“This is the first time in 27 years that we’ve had our regional annual conference in a freshwater state,” said Anne Moser, senior special librarian with the Wisconsin Water Library. She is organizing the conference along with Alisun DeKock, another Great Lakes librarian from the Shedd Aquarium in Chicago.

The regional group, called SAIL, is comprised of libraries on the East Coast and in Great Lakes communities of the U.S. and Canada, along with several foreign countries like Bermuda and Panama. Approximately 25 librarians will be at the Pyle Center to hear presentations by their membership on innovative library practices as well as to learn about the science of local watersheds. SAIL members will present recent projects related to digital asset management, managing big data, and ways to communicate and translate scientific information.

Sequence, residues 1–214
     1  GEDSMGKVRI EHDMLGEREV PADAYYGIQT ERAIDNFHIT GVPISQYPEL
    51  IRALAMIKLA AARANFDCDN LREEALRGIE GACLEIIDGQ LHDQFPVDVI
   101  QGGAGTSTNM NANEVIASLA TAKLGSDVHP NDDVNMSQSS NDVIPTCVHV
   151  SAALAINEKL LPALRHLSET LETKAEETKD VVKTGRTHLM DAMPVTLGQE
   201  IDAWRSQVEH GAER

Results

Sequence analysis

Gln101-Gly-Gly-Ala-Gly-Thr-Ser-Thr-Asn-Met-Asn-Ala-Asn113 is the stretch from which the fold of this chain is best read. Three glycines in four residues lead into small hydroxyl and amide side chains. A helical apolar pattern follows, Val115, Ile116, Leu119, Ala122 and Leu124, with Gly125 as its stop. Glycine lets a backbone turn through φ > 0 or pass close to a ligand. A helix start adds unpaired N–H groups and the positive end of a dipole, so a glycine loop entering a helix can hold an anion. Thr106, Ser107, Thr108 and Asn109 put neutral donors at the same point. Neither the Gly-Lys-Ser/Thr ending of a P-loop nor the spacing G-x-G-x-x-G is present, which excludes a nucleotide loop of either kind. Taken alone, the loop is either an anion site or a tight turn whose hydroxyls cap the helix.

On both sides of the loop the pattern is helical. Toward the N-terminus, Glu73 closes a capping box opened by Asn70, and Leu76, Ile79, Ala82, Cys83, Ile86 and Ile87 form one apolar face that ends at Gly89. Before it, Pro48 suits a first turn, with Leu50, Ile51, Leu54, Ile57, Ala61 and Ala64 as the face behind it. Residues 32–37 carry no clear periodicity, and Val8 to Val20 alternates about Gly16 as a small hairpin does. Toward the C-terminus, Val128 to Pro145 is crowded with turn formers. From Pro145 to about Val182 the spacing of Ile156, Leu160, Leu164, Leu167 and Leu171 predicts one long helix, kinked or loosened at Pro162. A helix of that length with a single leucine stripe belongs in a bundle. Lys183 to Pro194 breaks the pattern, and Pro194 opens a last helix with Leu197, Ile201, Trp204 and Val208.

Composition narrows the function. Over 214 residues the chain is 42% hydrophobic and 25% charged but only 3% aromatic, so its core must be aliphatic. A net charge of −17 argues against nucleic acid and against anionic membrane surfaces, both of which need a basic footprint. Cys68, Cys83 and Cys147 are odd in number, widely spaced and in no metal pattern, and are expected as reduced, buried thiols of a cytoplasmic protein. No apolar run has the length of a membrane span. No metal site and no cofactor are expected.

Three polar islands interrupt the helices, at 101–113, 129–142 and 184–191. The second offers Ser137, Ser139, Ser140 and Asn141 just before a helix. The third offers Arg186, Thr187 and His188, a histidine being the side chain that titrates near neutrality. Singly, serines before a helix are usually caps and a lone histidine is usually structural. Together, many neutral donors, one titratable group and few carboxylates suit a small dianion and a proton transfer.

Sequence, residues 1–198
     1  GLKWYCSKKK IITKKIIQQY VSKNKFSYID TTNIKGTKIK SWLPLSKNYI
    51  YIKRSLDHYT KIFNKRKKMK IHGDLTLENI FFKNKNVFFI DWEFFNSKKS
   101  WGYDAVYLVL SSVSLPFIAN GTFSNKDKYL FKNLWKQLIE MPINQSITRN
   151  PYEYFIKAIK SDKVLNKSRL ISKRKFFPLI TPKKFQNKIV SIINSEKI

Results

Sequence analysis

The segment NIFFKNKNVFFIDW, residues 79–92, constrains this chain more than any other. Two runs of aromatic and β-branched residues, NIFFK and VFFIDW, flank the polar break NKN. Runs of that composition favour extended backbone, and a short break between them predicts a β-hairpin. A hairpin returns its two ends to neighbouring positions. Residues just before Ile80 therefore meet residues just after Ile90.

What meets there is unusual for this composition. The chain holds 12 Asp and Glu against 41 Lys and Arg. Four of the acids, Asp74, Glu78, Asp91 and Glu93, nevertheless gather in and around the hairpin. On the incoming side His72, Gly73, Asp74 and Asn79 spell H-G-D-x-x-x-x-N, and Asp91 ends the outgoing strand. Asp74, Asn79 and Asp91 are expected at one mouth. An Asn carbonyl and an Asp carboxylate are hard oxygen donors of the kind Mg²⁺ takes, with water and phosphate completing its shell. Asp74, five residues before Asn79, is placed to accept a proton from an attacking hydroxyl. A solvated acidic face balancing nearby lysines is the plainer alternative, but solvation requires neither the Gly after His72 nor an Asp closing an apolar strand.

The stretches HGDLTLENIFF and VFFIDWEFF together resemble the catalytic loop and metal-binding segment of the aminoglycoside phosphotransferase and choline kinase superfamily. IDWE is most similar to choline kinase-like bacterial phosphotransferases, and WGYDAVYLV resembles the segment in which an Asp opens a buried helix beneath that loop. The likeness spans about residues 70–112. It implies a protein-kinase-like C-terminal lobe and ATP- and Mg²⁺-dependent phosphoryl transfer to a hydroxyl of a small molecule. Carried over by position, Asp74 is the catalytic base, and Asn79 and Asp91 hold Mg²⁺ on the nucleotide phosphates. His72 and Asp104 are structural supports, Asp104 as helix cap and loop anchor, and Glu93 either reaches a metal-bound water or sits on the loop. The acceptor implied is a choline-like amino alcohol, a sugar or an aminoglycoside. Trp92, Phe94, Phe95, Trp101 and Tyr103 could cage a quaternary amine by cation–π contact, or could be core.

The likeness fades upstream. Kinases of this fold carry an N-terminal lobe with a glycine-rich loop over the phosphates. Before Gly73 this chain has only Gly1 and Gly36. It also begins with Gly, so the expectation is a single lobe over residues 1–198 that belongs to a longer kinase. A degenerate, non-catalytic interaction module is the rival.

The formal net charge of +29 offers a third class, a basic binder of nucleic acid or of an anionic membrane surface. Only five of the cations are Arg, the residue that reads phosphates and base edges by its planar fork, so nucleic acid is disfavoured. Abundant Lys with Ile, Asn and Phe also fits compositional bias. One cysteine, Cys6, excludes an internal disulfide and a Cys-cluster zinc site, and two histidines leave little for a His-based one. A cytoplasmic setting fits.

Read more.

Clean Water and Tribal Rights

By Sigrid Peterson

The ongoing resistance and civil disobedience of the Standing Rock Sioux Tribe and their allies in opposition to the $3.8B Dakota Access Pipeline reminds us of multiple longstanding historical, cultural, economic and political debates. These debates sit at the intersection of multiple issues: Native American land rights, the right to clean water, extraction industry, fossil fuels, grassroots organizing, everyday acts of resistance, the cultural and political-economic tension between land tenure and land improvements, spiritual relationships to Mother Earth among many others.

The library has an ongoing book display of a small subset of the resources in our collection that help us think through this complex, urgent and intertwined array of issues. Here is a sampling:

All Our Relations: Native Struggles for Land and Life The Human Right to Water: legal and policy dimensions
Defending mother earth: Native American perspectives on environmental justice Water Consciousness: how we all have to change to protect our most critical resource

 

To learn more, send a message to askwater [at] aqua.wisc.edu. We can send you a full list of our resources.